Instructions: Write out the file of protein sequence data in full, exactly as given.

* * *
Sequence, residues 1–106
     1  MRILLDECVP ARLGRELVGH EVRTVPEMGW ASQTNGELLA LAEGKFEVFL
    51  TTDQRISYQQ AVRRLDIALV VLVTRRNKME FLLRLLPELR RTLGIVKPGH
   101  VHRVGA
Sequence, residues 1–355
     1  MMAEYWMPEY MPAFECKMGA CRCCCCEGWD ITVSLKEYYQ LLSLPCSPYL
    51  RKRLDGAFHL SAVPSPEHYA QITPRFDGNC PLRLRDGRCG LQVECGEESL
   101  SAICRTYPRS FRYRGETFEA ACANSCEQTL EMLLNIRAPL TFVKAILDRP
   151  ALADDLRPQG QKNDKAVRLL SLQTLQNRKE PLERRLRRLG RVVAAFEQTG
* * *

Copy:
Sequence, residues 1–106
     1  MRILLDECVP ARLGRELVGH EVRTVPEMGW ASQTNGELLA LAEGKFEVFL
    51  TTDQRISYQQ AVRRLDIALV VLVTRRNKME FLLRLLPELR RTLGIVKPGH
   101  VHRVGA
Sequence, residues 1–355
     1  MMAEYWMPEY MPAFECKMGA CRCCCCEGWD ITVSLKEYYQ LLSLPCSPYL
    51  RKRLDGAFHL SAVPSPEHYA QITPRFDGNC PLRLRDGRCG LQVECGEESL
   101  SAICRTYPRS FRYRGETFEA ACANSCEQTL EMLLNIRAPL TFVKAILDRP
   151  ALADDLRPQG QKNDKAVRLL SLQTLQNRKE PLERRLRRLG RVVAAFEQTG